Creating bespoke low carbon environmental solutions for our clients

Redland Court / Bristol

Sector: Residential / Number of apartments: 43 / Project Value: £15m

Box Twenty won this development opportunity with Kersfield, where the architects, AWW and Nash Partnership are working up plans to develop the main campus site at Redland High School into a selection of residential properties, ranging from one-bedroom apartments to four and five-bedroom family houses.

Work includes converting the school buildings and sympathetically renovating the Grade-II* listed Redland Court, plus restoring mature landscaped gardens.

The site became available after Redland High School announced plans to merge with nearby Red Maids’ School in September 2017 to become Redmaids’ High School based in Westbury-on-Trym.


We focussed our pre-planning efforts on setting the ‘energy hierarchy’ which is important in any new development, particularly with refurbishment of existing listed buildings. This promotes a fabric first approach, encouraging the reduction in energy demand and increase in energy efficiency to be achieved through improved u-values before looking to offset any residual emissions with renewables.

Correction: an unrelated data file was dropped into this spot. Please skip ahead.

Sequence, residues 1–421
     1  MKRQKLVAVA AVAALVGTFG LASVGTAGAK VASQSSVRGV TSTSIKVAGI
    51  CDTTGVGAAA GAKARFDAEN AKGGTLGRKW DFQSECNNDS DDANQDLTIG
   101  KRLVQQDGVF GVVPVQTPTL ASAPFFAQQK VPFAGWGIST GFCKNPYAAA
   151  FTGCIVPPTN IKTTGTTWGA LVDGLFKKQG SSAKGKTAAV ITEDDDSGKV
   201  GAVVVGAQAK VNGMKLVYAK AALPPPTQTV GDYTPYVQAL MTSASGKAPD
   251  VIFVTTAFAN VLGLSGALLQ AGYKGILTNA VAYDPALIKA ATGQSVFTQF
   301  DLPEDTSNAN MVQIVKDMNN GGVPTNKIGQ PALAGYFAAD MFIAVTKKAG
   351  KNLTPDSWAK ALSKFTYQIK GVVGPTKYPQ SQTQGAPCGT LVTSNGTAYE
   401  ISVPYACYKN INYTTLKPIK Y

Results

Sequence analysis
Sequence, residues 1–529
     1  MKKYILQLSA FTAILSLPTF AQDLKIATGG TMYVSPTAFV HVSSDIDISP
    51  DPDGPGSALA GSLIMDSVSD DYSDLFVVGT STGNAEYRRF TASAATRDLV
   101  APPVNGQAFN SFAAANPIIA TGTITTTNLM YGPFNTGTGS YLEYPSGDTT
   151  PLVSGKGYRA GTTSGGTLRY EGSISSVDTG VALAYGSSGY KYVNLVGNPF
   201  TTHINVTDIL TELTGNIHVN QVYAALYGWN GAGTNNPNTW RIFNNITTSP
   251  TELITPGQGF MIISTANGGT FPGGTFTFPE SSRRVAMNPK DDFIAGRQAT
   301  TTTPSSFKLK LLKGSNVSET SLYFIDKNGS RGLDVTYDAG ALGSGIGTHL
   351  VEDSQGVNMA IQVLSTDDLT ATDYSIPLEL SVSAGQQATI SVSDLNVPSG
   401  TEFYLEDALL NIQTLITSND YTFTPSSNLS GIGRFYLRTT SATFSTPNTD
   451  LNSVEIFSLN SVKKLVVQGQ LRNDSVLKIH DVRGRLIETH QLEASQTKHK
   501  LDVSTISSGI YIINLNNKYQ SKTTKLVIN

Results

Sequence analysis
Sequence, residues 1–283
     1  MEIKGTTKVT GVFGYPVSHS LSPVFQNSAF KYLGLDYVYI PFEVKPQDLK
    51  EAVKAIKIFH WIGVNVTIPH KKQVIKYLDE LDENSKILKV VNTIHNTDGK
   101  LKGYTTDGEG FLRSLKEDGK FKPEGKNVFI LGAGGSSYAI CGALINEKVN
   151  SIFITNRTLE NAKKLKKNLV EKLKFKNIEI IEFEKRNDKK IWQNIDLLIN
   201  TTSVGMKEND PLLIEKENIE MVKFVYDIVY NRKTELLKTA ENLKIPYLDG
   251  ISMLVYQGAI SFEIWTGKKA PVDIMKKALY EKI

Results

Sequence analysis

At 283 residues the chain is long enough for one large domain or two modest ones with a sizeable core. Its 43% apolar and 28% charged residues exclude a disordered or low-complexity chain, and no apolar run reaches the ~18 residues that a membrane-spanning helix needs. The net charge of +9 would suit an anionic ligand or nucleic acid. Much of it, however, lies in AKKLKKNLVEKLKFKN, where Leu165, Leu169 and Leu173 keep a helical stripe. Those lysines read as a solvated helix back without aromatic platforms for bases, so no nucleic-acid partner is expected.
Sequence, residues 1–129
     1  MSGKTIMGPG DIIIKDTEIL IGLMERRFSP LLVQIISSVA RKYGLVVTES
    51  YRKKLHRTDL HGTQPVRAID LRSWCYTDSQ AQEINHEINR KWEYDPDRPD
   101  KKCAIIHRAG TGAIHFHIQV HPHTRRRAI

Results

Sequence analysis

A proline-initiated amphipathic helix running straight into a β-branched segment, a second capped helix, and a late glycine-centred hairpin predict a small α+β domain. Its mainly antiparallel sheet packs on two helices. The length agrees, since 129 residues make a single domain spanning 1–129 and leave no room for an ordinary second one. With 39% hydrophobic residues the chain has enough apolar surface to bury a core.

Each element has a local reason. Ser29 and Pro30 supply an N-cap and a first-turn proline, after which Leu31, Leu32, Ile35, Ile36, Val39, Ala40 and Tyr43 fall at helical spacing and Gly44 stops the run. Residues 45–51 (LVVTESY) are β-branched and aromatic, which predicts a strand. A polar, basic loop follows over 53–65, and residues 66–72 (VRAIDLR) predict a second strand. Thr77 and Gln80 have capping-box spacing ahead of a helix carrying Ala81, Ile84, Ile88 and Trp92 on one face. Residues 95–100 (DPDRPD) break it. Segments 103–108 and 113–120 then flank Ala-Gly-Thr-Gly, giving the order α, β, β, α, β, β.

Therefore, this development was assessed for areas where the thermal performance of the building fabric could be improved. New build areas of the development will be improved beyond Building Regulations ‘limits of design flexibility’. These improvements will help to offset the minimal improvements that can be achieved in the listed main building and library. The refurbished, non-listed, buildings will be improved to comply with building regulations.

Ventilation to new buildings will utilise mechanical ventilation with heat recovery (MVHR) units. This technology saves energy by using the waste heat from the extracted air to preheat the fresh intake air. 

This development has been assessed for renewables suitability and a full low and zero carbon technology review has been carried out. For this development and site location Combined Heat and Power (CHP) or Solar Photovoltaics (PV) were selected as the options to take forwards. 

A CHP providing 60% of the thermal load or 11kWp of PV would reduce the developments carbon emissions by the 20% required by Bristol City Council. The PV panels would be located on the flat roof of the Science Building and 4no. panels on each of the ICT townhouses.